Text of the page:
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  • Postdoctoral Research Associate Position Available

    The Department of Anthropology at Texas A&M University is seeking to hire a Postdoctoral Research Associate to manage the Bioarchaeology and Genomics (BiG) Laboratory. The appointment will be for one year with the possibility of renewal for a second year. This is a full-time, 12 month, non-tenure-accruing position. Review of applicants will begin August 3, 2021, and the position will remain open until filled. The anticipated start date is September 1, 2021.

  • Professor Alston Thoms, June 18, 1948 — June 4, 2021

    It is with the greatest of sadness that we share the news of the untimely passing of our dear friend and colleague, Alston Thoms, who passed peacefully on the 3rd of June. Alston had been with our department for more than 30 years, and was at the core of our CRM program for many years. His outreach efforts with the Indigenous Peoples of Texas helped to transform archaeology in the state, as did his research into the evolution of plant-food cooking technology. Alston was a kind and caring friend and mentor, and we will miss him deeply.

  • Distinguished Professor Emeritus George Bass, December 9, 1932 – March 2, 2021

    It is with great sadness that we share the news of the passing of Distinguished Professor Emeritus George Bass, Founder of the Institute of Nautical Archaeology and Father of Underwater Archaeology. He influenced generations of Nautical Archaeologists, pioneering the science of archaeological excavation under water. If you are among the thousands of friends, colleagues, students, and enthusiasts who were influenced by the life and legacy of George Bass, please share your photos by sending them to remembergeorge@nauticalarch.org. We will post them online just as soon as we can.

  • Vaughn Bryant

    Regents Professor Vaughn Bryant, October 5, 1940 — January 30, 2021

    It is with the heaviest of hearts that we share this sad news. Our friend, our mentor, our dearest colleague, Dr. Vaughn Bryant, passed away peacefully on the morning of January 30, 2021 after battling one of the most aggressive forms of cancer for the past several years. He will be remembered with the greatest fondness for his kindness of spirit and his generosity of heart. He created our department, made so many careers and futures here possible, and touched the lives of every person he came in contact with during his 50 years in the Department of Anthropology. We will miss him dearly. A memorial scholarship will soon be established in his name. Because of the pandemic, a service has not yet been planned, but we will share more details as soon as we can. Gifts in memory of Dr. Vaughn M. Bryant should be sent to Texas A&M Foundation, 401 George Bush Drive, College Station, Texas 77840. For online gifts please copy and paste the following link: https://www.txamfoundation.com/How-to-Give/Honorary-And-Memorial.aspx Please add Vaughn M. Bryant to the note area. Please visit his memorial page here: https://drbryantmemorial.github.io/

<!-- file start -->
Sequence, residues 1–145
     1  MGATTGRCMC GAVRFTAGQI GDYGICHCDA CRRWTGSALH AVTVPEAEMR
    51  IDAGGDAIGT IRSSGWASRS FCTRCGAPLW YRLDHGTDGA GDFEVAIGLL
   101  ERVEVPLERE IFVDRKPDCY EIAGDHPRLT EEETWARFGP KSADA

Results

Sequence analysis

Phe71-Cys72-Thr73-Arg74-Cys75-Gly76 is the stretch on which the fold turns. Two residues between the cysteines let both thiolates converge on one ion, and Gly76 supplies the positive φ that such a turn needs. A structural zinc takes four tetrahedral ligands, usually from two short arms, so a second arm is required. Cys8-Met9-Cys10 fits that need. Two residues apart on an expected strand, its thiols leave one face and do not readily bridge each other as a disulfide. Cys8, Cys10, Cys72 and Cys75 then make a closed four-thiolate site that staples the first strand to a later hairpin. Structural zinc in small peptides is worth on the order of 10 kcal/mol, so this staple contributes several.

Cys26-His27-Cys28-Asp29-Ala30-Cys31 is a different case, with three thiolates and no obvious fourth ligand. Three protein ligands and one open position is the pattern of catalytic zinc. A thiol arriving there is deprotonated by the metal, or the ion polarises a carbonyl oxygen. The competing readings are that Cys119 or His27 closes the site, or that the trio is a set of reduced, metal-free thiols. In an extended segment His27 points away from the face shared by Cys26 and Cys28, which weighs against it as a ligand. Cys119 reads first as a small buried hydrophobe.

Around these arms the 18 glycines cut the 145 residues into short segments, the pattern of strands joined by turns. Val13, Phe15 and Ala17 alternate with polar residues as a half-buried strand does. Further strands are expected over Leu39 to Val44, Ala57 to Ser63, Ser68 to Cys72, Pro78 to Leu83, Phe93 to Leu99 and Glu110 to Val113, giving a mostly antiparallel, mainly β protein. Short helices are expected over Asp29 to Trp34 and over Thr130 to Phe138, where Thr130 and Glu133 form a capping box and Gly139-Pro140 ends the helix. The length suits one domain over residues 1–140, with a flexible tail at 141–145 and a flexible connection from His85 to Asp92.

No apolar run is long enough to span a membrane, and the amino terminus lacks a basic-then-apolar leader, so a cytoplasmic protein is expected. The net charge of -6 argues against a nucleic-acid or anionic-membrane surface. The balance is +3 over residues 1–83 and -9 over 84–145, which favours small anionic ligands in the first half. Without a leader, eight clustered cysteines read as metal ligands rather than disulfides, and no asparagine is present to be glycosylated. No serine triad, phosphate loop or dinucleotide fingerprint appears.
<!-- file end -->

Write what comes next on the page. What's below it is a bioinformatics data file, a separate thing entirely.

• An Open Letter to Our Community in Response to Police Brutality Against African-Americans and a Call to Antiracist Action

    An Open Letter to Our Community in Response to Police Brutality Against African-Americans and a Call to Antiracist Action – from the American Association of Physical Anthropologists

  • Anthropology PhD Students Find Evidence of Early Human Eating an Entire Rattlesnake

    Two former students, Crystal Dozier and Elanor Sonderman, and one current student, Morgan Smith, analyzed a coprolite as part of a final project. This coprolite turned out to reveal more than expected.   The team found the snakes bones, scales, and fang in the coprolite. Further analysis revealed the fang may have belonged to a […]

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    Department of Anthropology Symposium

      Pop-Culture Racism? Race, Identity, and the Dangers of Genetic Ancestry Testing   Friday, March 1st 9:30 am – 5 pm Texas A&M University Hotel and Conference Center The Ross Room Abstract for the Symposium Popular conceptions of race are deeply embedded in everyday life. For decades, anthropologists have argued that biological variations among different […]

  • What’s Love Got To Do With It?

      One of Jeff Winking’s recent publications uses a study of marriage among an indigenous group in Nicaragua to question assumptions about relationship quality in existing scholarship on marriage. His research will give light to cross-cultural differences in the nature of marriage. Research on marriage and relationships are often conducted on larger, Western-influenced populations. Dr. […]